It is great if someone can get themselves to a restaurant by themselves, eat independently, and has the fine manipulation and math skills to pay. But if they cannot communicate their order, what is the point? If a child can walk across a room to get into class but cannot tell their friends what they did that weekend, have we accomplished what we are looking to accomplish? Can we be orthofunctional without communication? (Honest question, please throw in your thoughts!)

I think there are many difficulties to implementing good communication practices. A few that come to mind:

Time: CE that is forced into a sessional time frame of just a few hours will struggle to have the time necessary for proper communication emphasis. If a student is in a CE sessions for 2 hours we want to pack in as much input as we can in that time. That means that it may be a struggle to spend the time it takes to encourage legitimate communication.

Situation: Along the same lines, if we are only with a student in one environment, for a few hours at a time, we are not in the contexts and situations conducive to spontaneous, practical conversation. Across a school day there are many natural opportunities for legitimate communication, but in 2 hours of structured CE we have to be more intentional.

Equipment: As I mentioned above, a lot of communication devices are pretty crap. Some are just horrendously impractical. My brother has a device that weighs about half as much as he does! I think just as we advocate for appropriate walkers and braces, we should advocate for appropriate, practical communication aids.

Physical barriers: Generally, not a lot of time in a CE session is spent sitting at a table, or in a chair, etc. We move around, a lot. Many AACs do not lend themselves to use when the individual is lying on the ground, on a scooter, etc. So the actual physical positions we use can make access difficult.

(I am just pointing out some problems, I don’t have solutions! As always, would love to hear thoughts from the CE community.)

When it comes to communication devices, I try to have them available as often as humanly possible. It takes a bit of extra effort, but I try to keep aids in reach. I may ask that a conversation wait for a more appropriate time, but I do not determine when and where my students can communicate by giving them their devices only at certain times. How can we encourage spontaneity without giving them the tools to be spontaneous?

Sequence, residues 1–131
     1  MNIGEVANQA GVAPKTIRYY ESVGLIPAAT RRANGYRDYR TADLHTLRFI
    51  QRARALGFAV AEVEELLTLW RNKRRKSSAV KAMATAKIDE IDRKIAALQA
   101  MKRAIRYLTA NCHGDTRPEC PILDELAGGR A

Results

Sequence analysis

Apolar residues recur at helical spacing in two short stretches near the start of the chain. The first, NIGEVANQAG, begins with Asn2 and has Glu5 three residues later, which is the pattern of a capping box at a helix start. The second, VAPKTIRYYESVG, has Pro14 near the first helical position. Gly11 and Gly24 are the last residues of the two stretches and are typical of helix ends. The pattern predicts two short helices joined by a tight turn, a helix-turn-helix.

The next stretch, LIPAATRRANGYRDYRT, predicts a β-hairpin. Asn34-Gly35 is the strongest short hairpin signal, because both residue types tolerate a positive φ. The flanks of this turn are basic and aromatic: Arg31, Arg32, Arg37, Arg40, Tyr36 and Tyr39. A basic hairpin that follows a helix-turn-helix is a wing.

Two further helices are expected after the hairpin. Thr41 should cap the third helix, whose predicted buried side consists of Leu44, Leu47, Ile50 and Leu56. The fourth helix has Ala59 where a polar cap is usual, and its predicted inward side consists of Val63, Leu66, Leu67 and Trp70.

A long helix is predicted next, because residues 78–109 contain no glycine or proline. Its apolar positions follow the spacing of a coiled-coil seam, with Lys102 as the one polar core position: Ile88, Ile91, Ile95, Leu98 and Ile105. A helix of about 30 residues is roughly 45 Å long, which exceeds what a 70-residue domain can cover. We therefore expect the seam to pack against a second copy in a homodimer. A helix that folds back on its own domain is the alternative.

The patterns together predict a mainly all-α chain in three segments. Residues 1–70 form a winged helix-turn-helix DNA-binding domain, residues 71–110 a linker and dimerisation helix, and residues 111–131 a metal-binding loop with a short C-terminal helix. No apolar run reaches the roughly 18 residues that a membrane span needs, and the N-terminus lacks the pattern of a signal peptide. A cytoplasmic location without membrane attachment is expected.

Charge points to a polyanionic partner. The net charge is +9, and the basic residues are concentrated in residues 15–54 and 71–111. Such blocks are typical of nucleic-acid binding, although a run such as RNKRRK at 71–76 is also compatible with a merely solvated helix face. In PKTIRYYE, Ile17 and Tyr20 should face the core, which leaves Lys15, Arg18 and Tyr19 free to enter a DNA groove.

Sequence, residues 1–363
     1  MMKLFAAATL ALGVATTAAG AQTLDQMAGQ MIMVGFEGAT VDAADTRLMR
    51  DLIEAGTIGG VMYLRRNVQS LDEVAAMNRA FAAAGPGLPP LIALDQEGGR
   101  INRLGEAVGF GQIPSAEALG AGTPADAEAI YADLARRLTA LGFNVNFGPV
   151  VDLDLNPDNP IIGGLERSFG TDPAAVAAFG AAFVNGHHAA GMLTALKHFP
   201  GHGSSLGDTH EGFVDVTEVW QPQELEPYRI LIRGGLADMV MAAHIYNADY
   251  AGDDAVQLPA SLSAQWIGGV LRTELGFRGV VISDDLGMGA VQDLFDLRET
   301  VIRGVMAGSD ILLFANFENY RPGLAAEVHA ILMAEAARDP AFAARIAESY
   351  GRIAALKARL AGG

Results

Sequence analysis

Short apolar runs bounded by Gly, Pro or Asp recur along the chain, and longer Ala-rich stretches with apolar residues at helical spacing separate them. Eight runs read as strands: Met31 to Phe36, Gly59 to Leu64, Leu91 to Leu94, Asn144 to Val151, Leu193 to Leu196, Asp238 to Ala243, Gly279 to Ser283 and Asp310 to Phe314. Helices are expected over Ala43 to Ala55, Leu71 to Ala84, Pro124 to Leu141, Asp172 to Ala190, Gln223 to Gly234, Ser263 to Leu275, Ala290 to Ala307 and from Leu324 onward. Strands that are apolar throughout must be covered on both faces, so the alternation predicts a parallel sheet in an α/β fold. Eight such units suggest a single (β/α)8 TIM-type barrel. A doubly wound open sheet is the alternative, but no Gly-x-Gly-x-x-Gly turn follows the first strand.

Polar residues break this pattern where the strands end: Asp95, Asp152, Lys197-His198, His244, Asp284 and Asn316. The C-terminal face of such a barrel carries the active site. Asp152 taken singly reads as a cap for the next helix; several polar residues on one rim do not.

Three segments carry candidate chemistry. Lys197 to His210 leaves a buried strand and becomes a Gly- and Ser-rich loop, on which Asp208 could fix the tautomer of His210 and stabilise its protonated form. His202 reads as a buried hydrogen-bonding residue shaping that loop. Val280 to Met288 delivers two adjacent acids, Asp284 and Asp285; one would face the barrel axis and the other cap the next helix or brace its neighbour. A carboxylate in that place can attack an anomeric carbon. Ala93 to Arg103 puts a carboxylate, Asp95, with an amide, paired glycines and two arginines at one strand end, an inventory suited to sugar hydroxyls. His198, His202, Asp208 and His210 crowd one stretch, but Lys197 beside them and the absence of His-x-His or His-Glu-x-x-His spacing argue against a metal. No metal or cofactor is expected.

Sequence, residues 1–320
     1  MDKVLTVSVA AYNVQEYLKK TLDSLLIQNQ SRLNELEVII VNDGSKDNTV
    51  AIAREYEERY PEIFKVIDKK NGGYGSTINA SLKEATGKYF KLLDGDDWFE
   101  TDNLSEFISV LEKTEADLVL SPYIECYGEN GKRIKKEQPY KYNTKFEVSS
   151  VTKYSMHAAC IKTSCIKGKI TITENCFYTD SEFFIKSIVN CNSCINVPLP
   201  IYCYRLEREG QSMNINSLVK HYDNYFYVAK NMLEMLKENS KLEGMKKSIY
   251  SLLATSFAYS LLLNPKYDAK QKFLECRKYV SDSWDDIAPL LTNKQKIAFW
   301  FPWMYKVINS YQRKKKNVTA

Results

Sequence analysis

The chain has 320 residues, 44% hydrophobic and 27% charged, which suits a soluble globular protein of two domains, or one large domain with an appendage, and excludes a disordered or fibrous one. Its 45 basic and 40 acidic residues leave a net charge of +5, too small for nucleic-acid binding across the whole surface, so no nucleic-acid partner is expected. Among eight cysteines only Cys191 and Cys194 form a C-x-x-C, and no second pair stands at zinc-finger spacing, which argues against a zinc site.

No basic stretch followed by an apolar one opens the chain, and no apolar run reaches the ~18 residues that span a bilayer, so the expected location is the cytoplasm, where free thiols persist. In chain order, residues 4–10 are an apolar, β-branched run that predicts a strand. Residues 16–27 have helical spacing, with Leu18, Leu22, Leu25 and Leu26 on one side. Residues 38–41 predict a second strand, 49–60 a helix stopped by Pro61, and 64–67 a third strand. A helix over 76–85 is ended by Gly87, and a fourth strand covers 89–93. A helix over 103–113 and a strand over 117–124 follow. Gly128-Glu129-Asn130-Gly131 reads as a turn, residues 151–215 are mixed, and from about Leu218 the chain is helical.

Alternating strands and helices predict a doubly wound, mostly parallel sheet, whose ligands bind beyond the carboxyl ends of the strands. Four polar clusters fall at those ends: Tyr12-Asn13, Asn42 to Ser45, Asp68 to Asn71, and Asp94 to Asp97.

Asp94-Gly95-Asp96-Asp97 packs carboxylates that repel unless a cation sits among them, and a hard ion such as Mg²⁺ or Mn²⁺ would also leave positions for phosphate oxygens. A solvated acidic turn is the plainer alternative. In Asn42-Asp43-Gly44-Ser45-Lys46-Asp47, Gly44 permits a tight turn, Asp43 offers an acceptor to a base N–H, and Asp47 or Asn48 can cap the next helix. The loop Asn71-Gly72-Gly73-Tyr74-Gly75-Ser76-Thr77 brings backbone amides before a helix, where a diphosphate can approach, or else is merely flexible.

Comm Board

 

*As a slight aside: I have seen people take communication aids from children because they are “talking” when they should not be. This makes me furious! It would be like duct taping a verbal child’s mouth closed. They need to be taught to communicate appropriately, just as all children need to be taught. Taking away a communication device should never be a consequence for behaviour. (My exception to this rule is if the student is going to damage the device, or damage something with the device, through their actions).

Communication is a basic human right. I want to do everything in my power to create the appropriate conditions for my students to have that right. If CE is to be holistic, we cannot be dismissive of this. I don’t have all the answers, I just want to make sure I am actively seeking them.

I have mainly focused on communication devices but of course that is not the only form of communication. More on that later. But for now: How do you incorporate AACs into CE? How do you think we can improve in this area?

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One thought on “Disability, Communication, and the role of Conductive Education

  1. […] Disability, Communication, and the Role of Conductive Education […]